Because of the uncertainty surrounding the lira, USD/TRY is a key pair to watch.
USD/MXN – puts the US dollar against the Mexican peso – with tensions rising between these two countries after US President Donald Trump won the 2016 presidential election.
The current tariff rate of 20% has already caused volatility in this pair to substantially increase.
What is the difference between trading currency pairs with high volatility versus low volatility?
Currencies with high volatility will normally move more pips over a certain period than currencies with low volatility and this will lead to an increased risk when trading currency pairs with high volatility. Currencies with a high volatility are more prone to slippage and due to high-volatility currency pairs making bigger moves, traders should determine the correct position size to take when trading them.
What are the least volatile currency pairs?
The least volatile currency pairs are generally the majors and can include EUR/USD, USD/JPY, GBP/USD and USD/CHF.
How to trade forex volatility
There are 5 simple steps that will help traders to get start in trading forex volatility:
- Research which forex pair to trade
- Carry out analysis on that forex pair (technical and fundamental).
- Choose a forex trading strategy
- Create an account and deposit funds
- Open, monitor and close a first position
According to research in South Africa, the forex market is one of the biggest and most active markets in the world. In laymen’s’ terms, trading on the forex market basically means making profits by purchasing or short selling one or more currency pairs. By using different technical analysis indicators, fundamental analysis or a combination of both, traders evaluate the future movement of one currency in relation to another.
Technically speaking, forex trading is all about knowing what to trade and when it comes to the active trade of forex currency pairings, volatility is an essential part of most strategies. Whether traders are interested in pursuing profit from hypothetical endeavours or hedging financial risk, a currency’s inherent volatility is one aspect of its behaviour that must be accounted for.
Volatility is an important consideration in everything from forecasting weather patterns to projecting the future price action of trades.
All currencies are defined according to the international standard code or ISO currency code and labelled with three-letter tags. A currency pair comprises of a base currency and a second, quote currency. The value following the currency pair symbolizes how many units of the quoted [second] currency equal one unit of the base currency.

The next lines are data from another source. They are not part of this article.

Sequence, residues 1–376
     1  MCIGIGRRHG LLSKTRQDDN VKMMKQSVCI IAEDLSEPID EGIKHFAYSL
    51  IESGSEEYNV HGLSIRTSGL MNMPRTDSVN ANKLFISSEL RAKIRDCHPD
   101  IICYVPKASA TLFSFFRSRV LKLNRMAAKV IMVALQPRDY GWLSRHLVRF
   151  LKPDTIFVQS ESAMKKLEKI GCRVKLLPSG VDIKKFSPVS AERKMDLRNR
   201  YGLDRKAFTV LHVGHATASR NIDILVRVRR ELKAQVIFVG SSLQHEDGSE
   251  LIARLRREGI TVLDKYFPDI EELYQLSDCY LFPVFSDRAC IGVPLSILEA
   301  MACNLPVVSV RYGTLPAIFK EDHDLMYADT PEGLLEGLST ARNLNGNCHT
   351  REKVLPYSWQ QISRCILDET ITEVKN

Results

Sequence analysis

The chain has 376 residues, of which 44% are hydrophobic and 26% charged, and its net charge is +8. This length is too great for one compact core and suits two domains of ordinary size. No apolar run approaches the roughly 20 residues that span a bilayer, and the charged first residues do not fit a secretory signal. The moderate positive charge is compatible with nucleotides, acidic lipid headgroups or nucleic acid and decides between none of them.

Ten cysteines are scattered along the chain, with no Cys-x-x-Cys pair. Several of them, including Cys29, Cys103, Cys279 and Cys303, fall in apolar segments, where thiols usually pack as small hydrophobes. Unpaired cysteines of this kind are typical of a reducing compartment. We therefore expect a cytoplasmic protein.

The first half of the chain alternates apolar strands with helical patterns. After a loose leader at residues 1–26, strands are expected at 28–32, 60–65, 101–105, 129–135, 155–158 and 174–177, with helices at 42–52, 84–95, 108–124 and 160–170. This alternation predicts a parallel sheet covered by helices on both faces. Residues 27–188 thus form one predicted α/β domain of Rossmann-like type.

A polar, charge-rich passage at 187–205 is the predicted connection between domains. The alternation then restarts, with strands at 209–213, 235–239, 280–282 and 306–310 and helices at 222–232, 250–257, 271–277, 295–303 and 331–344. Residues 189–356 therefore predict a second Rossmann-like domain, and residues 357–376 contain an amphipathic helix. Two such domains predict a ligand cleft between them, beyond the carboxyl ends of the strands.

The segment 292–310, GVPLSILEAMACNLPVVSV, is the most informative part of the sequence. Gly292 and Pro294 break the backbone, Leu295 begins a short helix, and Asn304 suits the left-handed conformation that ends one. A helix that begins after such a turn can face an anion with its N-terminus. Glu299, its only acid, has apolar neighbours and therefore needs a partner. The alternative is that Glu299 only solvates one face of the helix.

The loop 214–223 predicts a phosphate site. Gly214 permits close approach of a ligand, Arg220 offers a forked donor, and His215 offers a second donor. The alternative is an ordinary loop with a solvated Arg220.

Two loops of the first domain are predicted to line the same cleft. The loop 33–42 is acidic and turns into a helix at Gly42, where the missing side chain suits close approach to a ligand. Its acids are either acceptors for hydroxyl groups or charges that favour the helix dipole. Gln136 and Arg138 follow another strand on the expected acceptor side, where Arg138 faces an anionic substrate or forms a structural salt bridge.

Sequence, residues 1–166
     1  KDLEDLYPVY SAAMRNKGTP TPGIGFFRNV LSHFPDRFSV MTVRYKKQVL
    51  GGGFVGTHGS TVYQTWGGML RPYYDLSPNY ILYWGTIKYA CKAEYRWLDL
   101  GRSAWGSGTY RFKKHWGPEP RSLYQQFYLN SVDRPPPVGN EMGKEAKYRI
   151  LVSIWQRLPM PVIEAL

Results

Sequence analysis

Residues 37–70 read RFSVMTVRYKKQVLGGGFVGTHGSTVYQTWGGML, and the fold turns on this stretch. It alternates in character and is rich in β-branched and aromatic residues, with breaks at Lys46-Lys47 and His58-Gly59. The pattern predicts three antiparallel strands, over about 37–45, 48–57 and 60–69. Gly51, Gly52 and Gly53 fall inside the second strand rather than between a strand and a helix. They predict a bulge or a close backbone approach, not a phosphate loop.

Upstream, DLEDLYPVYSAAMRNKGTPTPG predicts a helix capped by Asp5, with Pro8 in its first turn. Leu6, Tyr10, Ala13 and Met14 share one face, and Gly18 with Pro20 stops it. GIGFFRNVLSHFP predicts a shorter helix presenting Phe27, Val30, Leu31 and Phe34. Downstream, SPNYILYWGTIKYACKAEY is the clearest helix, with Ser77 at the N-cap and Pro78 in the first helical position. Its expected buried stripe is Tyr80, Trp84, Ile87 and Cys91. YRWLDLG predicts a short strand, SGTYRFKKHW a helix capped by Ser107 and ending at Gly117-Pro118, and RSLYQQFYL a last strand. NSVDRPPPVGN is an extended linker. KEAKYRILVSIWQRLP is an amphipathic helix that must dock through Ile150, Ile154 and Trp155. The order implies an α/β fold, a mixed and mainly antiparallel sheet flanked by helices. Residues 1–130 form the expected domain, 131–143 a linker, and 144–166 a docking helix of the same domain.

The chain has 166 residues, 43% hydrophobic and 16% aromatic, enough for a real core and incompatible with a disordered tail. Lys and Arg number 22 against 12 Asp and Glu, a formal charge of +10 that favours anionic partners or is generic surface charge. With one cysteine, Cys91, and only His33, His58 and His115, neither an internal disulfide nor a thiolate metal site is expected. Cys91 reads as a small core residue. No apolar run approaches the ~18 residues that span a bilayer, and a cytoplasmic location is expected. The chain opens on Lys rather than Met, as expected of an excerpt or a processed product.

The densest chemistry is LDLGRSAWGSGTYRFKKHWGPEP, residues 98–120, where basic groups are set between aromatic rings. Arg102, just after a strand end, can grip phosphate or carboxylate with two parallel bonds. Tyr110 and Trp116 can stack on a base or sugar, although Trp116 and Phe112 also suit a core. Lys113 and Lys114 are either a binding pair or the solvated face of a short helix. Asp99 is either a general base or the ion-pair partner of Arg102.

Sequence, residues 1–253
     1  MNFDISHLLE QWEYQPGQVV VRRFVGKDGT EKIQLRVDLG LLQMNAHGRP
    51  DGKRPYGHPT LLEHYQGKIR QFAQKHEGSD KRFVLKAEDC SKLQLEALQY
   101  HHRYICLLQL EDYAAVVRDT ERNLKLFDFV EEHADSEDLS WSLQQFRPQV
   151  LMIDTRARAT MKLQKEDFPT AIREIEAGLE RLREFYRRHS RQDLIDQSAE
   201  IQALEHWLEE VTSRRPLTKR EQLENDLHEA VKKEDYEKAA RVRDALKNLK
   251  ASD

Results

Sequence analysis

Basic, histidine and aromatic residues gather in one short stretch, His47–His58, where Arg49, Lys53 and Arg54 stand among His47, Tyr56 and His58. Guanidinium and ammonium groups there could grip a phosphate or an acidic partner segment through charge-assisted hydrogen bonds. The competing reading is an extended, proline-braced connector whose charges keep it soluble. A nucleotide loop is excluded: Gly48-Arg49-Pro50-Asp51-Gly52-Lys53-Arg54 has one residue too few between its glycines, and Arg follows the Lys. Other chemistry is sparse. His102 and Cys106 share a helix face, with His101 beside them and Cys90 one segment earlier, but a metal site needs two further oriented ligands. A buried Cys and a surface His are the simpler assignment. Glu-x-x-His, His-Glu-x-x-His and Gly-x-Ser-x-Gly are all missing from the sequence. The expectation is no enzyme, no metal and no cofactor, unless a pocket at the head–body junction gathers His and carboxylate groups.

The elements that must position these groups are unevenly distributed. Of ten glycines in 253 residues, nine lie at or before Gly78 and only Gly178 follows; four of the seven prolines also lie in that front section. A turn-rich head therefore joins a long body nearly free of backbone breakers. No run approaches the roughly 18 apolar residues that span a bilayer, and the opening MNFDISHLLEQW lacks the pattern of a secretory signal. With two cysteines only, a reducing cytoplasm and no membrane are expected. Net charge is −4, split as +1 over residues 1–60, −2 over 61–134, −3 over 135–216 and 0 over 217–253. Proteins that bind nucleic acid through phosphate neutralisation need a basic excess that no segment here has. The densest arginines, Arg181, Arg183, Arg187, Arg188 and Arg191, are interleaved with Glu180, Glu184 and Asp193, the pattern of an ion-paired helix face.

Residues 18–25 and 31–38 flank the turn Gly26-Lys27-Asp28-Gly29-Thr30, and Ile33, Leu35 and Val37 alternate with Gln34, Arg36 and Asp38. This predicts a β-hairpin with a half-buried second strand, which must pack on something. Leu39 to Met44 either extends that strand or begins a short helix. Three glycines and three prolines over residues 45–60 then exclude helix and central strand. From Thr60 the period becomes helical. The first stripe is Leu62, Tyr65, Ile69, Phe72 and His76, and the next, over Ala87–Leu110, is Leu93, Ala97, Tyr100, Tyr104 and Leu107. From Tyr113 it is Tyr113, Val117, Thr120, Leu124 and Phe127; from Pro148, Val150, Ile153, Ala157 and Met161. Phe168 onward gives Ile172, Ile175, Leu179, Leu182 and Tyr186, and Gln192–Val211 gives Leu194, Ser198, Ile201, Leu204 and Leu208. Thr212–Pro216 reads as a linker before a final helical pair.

Executing forex trade orders means that traders will buy the base currency and sell the quoted currency at the same time. A sell order would be performed by selling the base currency and buying the quoted currency.
There are different categories of currency pairs, including:
- Major currency pairs – These contain the US dollar and are most commonly thought to be among the most liquid pairs
- Cross currency pairs – Where the US dollar is neither a base or quoted currency
- Minors – Cross currency pairs that contain some of the other major currencies such as the EUR, JPY or GBP
- Exotics pairs – These contain one major currency and one from an emerging market
Before a trader enters their first trade, it’s important to learn about currency pairs and what they signify.
- In the forex market, currencies always trade in pairs.
- The forex market uses symbols to designate specific currency pairs. The euro is symbolized by EUR, the U.S. dollar is USD, so the euro/U.S. dollar pair is shown as EUR/USD.
- Each forex pair will have a market price associated with it.
What is Forex Trading in general?
The foreign exchange – FX or forex market is a global marketplace for exchanging national currencies against each other. Currencies trade against each other as exchange rate pairs. The largest stock market in the world, the New York Stock Exchange (NYSE), trades a volume of approximately $22.4 billion each day – The currency market is over 200 times Bigger! The forex market is open 24 hours a day and 5 days a week, only closing down during the weekend.